I was recently asked to give my opinion on the video game industry from an “outsider’s” perspective. As someone who studies psychology, I want to make an impartial presentation of concrete research into the effects video games actually have. But this presentation is aimed at the full-on nerd, (those with their own personal Dungeons and Dragons board game and every boxed copy of Metal Gear Solid), i.e. precisely the people who don’t normally listen to the concerns of these researchers.

The age old question has always been whether or not they are they are harmful. Do they make your eyes square shaped? Is someone who has spent a large part of their childhood playing video games more likely to have concentration deficits than someone who has not? Are people who play violent video games more likely to imitate this violence or be de-sensitised to it? Many psychologists have found there to be both positive and negative impacts to playing video games.

The first piece of evidence I will share is by psychologist Albert Bandura, who found a strong link between violence shown on screen and the subsequent violent behaviour of children. Children were exposed to footage of adults beating a doll and later imitated the exact gestures of violence towards it, whereas before they had not interacted in this way. This research shows that children will imitate violence they have seen on screen or enacted by others, which is of course relevant when considering the effect of playing first-person shooter games against a ‘culturally specific’ enemy, or of exposure to gruesome monster-slaying games.

Additionally, a study by Silvern and Williamson found that children playing a violent video game exhibited more verbal and physical aggression compared to children who watched a violent cartoon, suggesting that video games have a more powerful negative effect than other forms of media. But according to Pengl, violent video games might influence people who already have aggressive personalities, so maybe it only affects certain people in a negative way. Interestingly, a link between repeated exposure to violent video games and desensitisation to violence has been suggested – the implication being that individuals aren’t as shocked by violence in real life. Furthermore, missing aversive responses to violence may cause increased tendency towards violent behaviour.

These pieces of research show that video games can have behavioural effects on participants and that playing violent games undermines cooperative and pro-social behaviour. Obviously there are weaknesses to each of these studies, since it has also been found that gaming can have positive effects (meaning they’re not totally awful). Kestenbaun and Weinstein found that heavy computer gaming in teenage males reduces aggression levels. It can lead to a way of dealing with pent up anger, relieving stress levels and managing conflict. Video games can also encourage problem solving and understanding. Gaming inspires thinking, perseverance, and commitment – it gives the gamer qualities that can be useful in life.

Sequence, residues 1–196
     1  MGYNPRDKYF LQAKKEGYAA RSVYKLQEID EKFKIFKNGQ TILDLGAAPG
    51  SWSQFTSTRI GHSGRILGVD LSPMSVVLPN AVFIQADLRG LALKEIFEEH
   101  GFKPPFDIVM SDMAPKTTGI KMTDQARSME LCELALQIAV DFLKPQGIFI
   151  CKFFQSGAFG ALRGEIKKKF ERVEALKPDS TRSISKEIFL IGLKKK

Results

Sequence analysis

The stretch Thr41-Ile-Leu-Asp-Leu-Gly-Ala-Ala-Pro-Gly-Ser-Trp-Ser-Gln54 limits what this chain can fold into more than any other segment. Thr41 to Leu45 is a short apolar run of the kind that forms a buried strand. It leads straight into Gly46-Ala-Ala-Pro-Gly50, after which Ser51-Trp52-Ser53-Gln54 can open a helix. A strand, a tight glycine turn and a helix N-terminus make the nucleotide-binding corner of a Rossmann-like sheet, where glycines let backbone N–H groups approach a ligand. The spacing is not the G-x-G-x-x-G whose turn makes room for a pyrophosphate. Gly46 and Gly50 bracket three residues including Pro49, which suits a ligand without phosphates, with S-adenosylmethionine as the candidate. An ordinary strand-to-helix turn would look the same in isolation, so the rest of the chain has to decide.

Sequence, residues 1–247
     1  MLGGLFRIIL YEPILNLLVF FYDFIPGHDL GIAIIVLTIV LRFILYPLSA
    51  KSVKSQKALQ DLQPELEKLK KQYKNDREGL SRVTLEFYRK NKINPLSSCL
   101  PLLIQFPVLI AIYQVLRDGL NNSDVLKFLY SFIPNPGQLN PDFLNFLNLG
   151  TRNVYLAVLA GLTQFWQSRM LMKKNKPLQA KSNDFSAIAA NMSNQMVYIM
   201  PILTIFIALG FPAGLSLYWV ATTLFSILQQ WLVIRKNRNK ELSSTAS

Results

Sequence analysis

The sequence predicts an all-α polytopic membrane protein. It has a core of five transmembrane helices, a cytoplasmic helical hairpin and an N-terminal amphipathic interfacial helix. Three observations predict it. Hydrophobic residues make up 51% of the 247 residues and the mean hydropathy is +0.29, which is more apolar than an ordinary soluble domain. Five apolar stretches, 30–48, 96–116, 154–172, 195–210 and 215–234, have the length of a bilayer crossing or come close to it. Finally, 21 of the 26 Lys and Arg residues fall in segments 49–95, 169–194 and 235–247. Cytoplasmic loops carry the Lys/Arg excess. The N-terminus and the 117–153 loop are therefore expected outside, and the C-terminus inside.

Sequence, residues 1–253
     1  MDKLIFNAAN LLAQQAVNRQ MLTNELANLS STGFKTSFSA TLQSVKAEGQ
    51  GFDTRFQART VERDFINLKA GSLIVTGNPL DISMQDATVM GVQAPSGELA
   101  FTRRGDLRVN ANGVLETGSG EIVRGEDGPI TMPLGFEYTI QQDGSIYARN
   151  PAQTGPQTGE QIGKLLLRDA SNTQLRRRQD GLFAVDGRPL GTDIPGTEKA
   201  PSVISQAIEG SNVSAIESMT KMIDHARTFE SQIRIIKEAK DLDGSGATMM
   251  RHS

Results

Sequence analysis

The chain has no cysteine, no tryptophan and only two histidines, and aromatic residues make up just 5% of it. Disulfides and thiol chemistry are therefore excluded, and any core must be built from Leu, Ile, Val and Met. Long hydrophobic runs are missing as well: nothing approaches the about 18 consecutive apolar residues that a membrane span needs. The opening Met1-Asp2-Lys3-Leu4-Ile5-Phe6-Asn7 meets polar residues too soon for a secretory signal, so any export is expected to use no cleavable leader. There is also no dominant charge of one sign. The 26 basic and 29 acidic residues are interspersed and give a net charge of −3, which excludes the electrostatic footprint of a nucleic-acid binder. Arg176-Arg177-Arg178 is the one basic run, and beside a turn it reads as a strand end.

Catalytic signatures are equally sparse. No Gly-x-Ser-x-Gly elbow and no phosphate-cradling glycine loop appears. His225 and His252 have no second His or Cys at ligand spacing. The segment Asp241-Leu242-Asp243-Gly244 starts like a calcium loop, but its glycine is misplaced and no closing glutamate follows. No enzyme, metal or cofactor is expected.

In terms of my own involvement with video game culture I am (proudly) an individual who was not brought up playing them. The closest I got was Tinkerbell and friends on the Nintendo DS, and to this day I am still a consistent loser at Mario Cart on the Nintendo Wii. Before I met my significant other I didn’t know what the difference between an Xbox and a PlayStation was (and trust me, ignorance was bliss).

I grew up thinking video games catered mainly for boys, that they were a noisy waste of time. My siblings and I read books and played with Lego and dolls rather than video games. Perhaps it is just a boat that never floated my way and therefore I couldn’t delve as deep as others have to explore the beauty and complexity of certain video games. I admit I didn’t have any exposure to video games till about three years ago, and from what I have seen, I now understand how certain games have the ability to take you on a journey: games which have such intricate, breathtaking scenery and landscapes that they have been etched even in my memory.

There are some games I now consider to be pure art and genius, which are more complex than just moving around on a screen completing tasks. But I think that the history of association with violence gives video games a negative reputation, preventing many people from enjoying the artistic and boundary pushing games. Maybe for a majority of us outsiders it doesn’t occur to us that a video game could be a form of art, and perhaps those violent games give the whole industry a bad name?

Taking all this into account it seems as though the line between art form and risk will always be blurred.


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